One of the oft-repeated theories in the wake of the general election this past May was that Prime Minister Narendra Modi assumed power by presenting a single-minded commitment to developing India’s economy. In truth, campaigns, in many parts of the country, were intensely divisive affairs. Many of those who canvassed for votes, and who have since been accorded important positions in the ruling party, often trod treacherously beyond communal boundaries. This dissonance, which was inherent in the attitude of the Bharatiya Janata Party (BJP) towards the election, has now grown further, and it increasingly appears that the government is incapable of deviating from what is quite plausibly its real agenda.
As much as Mr. Modi would like us to believe that it is his plank of a developmental model that continues to hold the primary sway in his policies, his stark reticence in dealing with the acrimonious practices of the BJP’s allied groups seems to paint a different picture. The state, under the BJP, is slowly progressing towards more pervasive involvement in matters of ethical choice such as religion. And, the Sangh Parivar has only been emboldened by the attitude of the new regime. Week after week, its agenda of Hindutva has seen the imposition of new and stridently discordant measures. The latest salvo involves the organisation of programmes of “Ghar Vapsi,” for the conversion (or “reconversion” as the Hindu Right would have it) of Muslims and Christians to Hinduism.
The right wing and conversion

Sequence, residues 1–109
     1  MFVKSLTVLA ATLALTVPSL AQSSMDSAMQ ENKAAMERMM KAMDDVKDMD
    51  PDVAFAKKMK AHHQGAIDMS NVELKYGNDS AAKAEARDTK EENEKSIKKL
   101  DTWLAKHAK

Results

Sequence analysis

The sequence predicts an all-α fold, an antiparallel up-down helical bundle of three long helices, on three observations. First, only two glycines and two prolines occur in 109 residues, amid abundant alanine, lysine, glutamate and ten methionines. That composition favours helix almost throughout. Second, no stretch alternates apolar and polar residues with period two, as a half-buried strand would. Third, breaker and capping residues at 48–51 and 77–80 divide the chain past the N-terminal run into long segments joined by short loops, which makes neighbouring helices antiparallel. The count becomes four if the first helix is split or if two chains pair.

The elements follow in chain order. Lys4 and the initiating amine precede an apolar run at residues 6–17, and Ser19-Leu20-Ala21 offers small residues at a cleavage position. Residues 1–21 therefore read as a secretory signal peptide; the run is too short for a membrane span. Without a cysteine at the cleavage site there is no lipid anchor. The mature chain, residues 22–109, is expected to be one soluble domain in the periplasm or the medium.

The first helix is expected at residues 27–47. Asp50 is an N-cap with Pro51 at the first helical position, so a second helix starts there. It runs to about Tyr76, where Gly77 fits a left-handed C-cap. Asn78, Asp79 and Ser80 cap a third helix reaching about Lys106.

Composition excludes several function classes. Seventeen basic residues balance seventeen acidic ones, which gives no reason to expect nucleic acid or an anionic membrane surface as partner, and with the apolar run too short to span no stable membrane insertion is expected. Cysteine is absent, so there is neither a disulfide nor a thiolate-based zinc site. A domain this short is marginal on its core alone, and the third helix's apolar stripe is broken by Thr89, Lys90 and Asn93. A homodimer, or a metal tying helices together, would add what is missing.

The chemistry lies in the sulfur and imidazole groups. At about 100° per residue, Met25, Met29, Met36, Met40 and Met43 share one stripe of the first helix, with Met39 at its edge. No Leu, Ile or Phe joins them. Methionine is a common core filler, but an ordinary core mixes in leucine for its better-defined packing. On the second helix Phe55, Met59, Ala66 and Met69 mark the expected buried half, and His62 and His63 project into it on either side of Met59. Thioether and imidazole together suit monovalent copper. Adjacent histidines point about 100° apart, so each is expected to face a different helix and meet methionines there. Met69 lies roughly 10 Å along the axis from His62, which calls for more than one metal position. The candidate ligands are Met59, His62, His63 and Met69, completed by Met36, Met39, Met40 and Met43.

The Dharam Jagaran Samiti (DJS) — an offshoot of the Rashtriya Swayamsevak Sangh (RSS) and the Bajrang Dal — only recently announced that it aims to meet a target of converting one lakh Muslims and Christians into Hinduism every year. Earlier this month in Agra, the DJS reportedly converted some 200-odd Muslims to Hinduism. The event came to light after the supposed converts, many of who are among the most impoverished sections of the society, alleged that they had been misled into believing that they would be offered Below Poverty Line cards by consenting to the conversion. In spite of these contentions, the Sangh Parivar remains unmoved in its agenda. According to a report on the website Scroll.in, the Vishwa Hindu Parishad (VHP) has already made plans to mark the 50th anniversary of the group’s founding on February 6 with a Ghar Vapsi in Faizabad next year. Making matters worse, the VHP has claimed, as The Hindu reported, that those Muslims or Christians who reconvert to Hinduism in such programmes would be allowed to choose a caste for themselves once the VHP has investigated the tradition, faith, and culture of the convert’s ancestors.